Recently, I had a bout with sepsis, and bad things started happening in a rush of poison running through my organs and allowing E Coli to swim through my bloodstream. My blood pressure dropped to 60/42, my blood glucose level was over 300 without eating for days, my heart raced, and my stomach was in sheer agony personified… I was dying!
I don’t mean metaphorically, my organs were going crazy, my body was shutting down and the ER doctors said my body was pretty much a ticking timebomb. I had the shakes, I was freezing, I was vomiting, I had a fever over and over again, and all in all I spent eleven days in the hospital. I had a shunt put in my stomach, massive doses of antibiotics fed through an IV along with fluids to hydrate me, and pain medications galore… I almost died!
As I write this now, I have monitoring from my house, of my vitals and glucose levels, my blood pressure, temperature, and glucose are near perfect, and daily the information is sent to a nurse. All of my bloodwork is looking better since my discharge and are on par to be normal levels, and I have lost a lot of weight, very quickly, due to the diet I am on…but I nearly died!
I am not out of the proverbial fire yet though, I still have to have the shunt removed first, then laparoscopic surgery to remove my gallbladder and perform a liver biopsy at the same time, to assess any damage. Then I can finally physically heal and relax a bit… but mentally, I am looking deeply at the fact that I almost died and am trying to heal from that.
As I lay in that hospital bed, night after night, never able to catch more than an hour’s sleep in a sitting due to machines beeping, nurses constantly checking my vitals and taking blood or giving me medications, I had a lot of time to think. The skill, care, thoroughness, and willful fight to combat my afflictions, by the doctors and nurses of Temple University Hospital, saved my life. They plucked me from the brink of pre-renal failure, multiple organ poisoning, and succumbing to sepsis and E Coli, and healed me to where my organs are doing great now, albeit I may have minor liver damage.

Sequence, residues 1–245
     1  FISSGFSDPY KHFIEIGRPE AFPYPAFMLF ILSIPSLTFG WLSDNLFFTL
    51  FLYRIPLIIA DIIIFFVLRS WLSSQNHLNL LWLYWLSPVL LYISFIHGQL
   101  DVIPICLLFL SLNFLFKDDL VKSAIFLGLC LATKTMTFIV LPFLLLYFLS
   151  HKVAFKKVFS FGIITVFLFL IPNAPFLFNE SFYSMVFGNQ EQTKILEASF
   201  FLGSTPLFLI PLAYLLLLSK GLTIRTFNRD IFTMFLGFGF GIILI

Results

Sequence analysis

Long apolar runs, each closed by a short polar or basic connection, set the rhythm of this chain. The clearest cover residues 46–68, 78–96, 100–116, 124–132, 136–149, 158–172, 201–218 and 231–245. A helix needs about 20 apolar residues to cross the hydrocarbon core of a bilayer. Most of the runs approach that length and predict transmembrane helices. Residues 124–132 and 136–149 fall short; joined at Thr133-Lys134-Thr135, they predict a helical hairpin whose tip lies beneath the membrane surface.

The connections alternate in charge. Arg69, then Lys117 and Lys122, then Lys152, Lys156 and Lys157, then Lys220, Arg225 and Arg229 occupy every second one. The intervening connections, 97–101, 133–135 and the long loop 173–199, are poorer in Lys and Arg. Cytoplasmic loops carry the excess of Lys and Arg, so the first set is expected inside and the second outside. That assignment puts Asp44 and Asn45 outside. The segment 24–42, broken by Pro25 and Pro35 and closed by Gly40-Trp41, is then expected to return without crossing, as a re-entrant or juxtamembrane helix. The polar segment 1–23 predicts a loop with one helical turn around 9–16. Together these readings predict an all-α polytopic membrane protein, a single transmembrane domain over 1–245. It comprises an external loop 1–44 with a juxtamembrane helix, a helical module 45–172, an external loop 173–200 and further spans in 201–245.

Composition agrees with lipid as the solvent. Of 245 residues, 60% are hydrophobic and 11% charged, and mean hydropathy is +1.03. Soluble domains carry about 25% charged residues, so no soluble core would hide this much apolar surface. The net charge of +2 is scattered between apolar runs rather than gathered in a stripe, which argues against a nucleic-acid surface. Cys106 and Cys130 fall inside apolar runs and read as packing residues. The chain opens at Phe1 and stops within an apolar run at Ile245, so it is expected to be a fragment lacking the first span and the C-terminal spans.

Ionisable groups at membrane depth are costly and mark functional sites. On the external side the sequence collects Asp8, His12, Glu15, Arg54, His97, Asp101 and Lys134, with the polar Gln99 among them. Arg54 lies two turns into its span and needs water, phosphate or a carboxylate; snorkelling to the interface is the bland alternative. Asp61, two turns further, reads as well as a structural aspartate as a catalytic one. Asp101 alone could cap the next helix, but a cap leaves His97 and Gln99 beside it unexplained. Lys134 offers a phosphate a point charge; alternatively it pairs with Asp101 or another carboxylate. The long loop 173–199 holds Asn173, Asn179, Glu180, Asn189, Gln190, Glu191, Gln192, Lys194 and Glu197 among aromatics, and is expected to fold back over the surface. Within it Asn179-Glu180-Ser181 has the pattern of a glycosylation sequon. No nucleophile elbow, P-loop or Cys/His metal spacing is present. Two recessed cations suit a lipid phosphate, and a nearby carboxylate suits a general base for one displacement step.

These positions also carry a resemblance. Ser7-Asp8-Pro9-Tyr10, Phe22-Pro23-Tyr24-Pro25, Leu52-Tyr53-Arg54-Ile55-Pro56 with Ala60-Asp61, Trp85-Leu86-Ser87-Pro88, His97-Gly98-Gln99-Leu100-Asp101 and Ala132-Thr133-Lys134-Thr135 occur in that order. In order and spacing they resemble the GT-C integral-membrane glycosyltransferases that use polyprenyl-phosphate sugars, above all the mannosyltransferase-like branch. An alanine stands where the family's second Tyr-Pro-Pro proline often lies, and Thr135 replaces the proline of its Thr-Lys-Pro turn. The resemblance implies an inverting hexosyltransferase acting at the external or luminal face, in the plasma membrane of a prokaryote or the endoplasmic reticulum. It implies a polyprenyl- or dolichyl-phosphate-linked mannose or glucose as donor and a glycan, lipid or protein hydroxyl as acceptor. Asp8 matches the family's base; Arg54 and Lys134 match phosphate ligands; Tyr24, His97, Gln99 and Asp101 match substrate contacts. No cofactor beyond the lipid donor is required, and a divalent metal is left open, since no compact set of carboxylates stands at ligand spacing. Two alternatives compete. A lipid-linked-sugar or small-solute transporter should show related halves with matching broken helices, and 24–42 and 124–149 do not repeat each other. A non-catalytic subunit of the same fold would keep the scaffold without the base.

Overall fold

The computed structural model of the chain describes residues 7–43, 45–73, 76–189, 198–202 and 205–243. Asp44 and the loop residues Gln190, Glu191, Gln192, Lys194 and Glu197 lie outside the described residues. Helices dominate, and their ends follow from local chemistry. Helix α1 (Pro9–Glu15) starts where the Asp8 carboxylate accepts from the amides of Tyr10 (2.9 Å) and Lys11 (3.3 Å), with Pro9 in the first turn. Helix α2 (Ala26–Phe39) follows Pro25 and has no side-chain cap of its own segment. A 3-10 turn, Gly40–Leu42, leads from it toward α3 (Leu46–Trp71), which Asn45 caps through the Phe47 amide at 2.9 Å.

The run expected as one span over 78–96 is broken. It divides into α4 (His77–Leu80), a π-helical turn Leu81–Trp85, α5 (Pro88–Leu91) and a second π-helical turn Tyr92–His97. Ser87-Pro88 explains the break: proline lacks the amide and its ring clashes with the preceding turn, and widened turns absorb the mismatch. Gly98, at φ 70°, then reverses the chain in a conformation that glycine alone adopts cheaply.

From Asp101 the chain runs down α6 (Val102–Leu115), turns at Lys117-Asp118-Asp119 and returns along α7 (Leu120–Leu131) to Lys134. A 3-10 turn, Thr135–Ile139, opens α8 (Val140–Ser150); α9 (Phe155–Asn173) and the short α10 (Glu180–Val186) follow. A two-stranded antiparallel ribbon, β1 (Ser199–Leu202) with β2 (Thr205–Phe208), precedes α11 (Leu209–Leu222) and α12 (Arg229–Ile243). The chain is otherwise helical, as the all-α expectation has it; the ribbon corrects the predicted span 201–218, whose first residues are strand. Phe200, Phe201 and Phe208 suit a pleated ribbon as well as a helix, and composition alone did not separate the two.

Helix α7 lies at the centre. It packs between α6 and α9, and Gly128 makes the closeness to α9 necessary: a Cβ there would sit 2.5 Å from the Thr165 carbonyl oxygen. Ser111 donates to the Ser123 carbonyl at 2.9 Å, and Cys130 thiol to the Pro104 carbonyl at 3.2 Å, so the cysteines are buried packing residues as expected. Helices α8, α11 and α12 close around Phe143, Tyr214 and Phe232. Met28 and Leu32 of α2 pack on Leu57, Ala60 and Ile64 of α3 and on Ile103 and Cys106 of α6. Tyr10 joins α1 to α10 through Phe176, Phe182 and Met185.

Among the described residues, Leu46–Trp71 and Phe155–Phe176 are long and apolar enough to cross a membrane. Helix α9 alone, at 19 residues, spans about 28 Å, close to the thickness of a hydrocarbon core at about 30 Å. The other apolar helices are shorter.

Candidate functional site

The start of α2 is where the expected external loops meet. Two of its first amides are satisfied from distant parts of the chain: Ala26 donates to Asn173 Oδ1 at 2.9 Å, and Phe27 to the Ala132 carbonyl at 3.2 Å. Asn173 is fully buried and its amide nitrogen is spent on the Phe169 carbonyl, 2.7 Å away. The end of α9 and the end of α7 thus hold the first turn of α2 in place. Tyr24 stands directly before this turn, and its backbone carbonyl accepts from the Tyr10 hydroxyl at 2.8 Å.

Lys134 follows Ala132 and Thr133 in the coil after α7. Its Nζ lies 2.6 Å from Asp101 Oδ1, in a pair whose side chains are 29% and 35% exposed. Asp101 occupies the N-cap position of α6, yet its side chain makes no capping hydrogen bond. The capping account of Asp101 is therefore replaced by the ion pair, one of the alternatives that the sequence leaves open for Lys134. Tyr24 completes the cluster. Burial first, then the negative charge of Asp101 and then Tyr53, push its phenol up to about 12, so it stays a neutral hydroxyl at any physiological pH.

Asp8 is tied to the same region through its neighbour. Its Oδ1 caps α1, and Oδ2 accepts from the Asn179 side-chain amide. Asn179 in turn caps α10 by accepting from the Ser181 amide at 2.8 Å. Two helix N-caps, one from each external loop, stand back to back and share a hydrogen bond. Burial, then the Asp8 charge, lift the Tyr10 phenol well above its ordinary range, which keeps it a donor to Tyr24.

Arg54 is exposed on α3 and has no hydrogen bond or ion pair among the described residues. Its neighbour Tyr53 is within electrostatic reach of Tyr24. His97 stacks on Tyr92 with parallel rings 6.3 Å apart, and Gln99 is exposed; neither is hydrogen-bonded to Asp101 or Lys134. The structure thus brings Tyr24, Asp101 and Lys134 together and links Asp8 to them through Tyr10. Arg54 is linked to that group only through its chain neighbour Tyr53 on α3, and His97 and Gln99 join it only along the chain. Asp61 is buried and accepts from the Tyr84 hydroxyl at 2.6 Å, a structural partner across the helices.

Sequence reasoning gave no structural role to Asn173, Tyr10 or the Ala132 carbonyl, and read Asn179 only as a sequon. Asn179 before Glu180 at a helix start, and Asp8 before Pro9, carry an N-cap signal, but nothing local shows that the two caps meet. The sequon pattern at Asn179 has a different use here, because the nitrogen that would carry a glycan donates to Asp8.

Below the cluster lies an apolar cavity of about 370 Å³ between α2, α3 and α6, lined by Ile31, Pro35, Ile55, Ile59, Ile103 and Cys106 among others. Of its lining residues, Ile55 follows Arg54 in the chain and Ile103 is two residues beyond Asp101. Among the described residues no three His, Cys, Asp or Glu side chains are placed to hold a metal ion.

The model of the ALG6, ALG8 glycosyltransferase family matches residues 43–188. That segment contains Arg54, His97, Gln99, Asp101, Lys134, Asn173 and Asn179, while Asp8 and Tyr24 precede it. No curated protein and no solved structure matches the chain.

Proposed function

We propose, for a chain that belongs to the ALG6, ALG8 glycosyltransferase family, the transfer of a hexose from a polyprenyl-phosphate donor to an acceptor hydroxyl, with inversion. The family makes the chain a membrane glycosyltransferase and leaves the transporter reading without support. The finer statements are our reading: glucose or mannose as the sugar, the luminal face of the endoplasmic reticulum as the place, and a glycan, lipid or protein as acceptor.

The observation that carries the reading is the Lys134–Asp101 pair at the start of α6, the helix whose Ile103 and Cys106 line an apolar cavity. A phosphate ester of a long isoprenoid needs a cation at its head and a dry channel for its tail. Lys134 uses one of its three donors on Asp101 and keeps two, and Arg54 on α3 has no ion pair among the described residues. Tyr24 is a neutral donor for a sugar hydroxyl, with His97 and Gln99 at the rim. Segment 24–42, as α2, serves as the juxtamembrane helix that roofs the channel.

… but I almost died…
…my children were almost fatherless, and my wife was almost a widow!
I very well could have ceased to be at this very moment; all of my dreams, plans, and goals, were almost utterly ended in one fell swoop. I could have left behind my mother, of whom I am her only child, and uncles who are much older and helped raise me, I very well could have died overnight if I hadn’t gotten care. My kids are too young to visit me in the hospital, so I wouldn’t have even gotten to say goodbye to anyone.
Now how do I navigate that mentally, while trying to heal physically? Should I put one aside for the other and tackle the other later? I wasn’t given a manual on this, even with all of my mental health certifications.
Prior to the illness nearly killing me, I was trying to navigate through my loss of the ability to walk and working through some deep sh!t, do I put that aside also? How does someone operate in any functional capacity while crawling through the mud, contemplating their own mortality, and trying to heal physically? Oy vey is mir… por que… why me, why do I get the rare spinal conditions, an illness that tries to kill me, and a deep dive into mortality introspection?
I’m hoping after all of the procedures and operations are finished, that I will regain some semblance of normalcy once more and that I can come to grips with my mortality and loss of my physical abilities. Trying to balance physical and mental health can be exhausting, but for now, I am telling people I love, that I love them, I am living in the moment and in a spirit of gratitude for each day of life I am granted. I am living, I am alive, and that’s what’s most important right now, to me, to my family, and to my friends and people who care about me.
If ever there were a representation of MOMENTO MORI, “Remember you will die,” it’s what I’ve undergone, in that I am learning to live, enjoy the small moments, and be grateful for life. There are many things, I will eventually take away from this brush with death, but I think living, truly living, is one of the biggest.